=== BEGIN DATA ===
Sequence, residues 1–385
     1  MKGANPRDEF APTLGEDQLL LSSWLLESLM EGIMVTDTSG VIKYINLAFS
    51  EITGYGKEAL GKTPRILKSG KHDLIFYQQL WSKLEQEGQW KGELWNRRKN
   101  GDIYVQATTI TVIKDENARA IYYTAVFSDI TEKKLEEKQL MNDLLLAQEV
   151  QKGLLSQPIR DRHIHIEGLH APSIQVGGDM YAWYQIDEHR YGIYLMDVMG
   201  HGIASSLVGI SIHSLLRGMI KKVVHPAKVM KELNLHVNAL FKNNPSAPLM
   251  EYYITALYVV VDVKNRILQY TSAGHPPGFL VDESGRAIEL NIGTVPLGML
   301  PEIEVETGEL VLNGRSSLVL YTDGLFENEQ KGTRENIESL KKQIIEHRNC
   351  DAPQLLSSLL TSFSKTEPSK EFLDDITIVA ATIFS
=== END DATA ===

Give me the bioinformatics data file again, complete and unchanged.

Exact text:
Sequence, residues 1–385
     1  MKGANPRDEF APTLGEDQLL LSSWLLESLM EGIMVTDTSG VIKYINLAFS
    51  EITGYGKEAL GKTPRILKSG KHDLIFYQQL WSKLEQEGQW KGELWNRRKN
   101  GDIYVQATTI TVIKDENARA IYYTAVFSDI TEKKLEEKQL MNDLLLAQEV
   151  QKGLLSQPIR DRHIHIEGLH APSIQVGGDM YAWYQIDEHR YGIYLMDVMG
   201  HGIASSLVGI SIHSLLRGMI KKVVHPAKVM KELNLHVNAL FKNNPSAPLM
   251  EYYITALYVV VDVKNRILQY TSAGHPPGFL VDESGRAIEL NIGTVPLGML
   301  PEIEVETGEL VLNGRSSLVL YTDGLFENEQ KGTRENIESL KKQIIEHRNC
   351  DAPQLLSSLL TSFSKTEPSK EFLDDITIVA ATIFS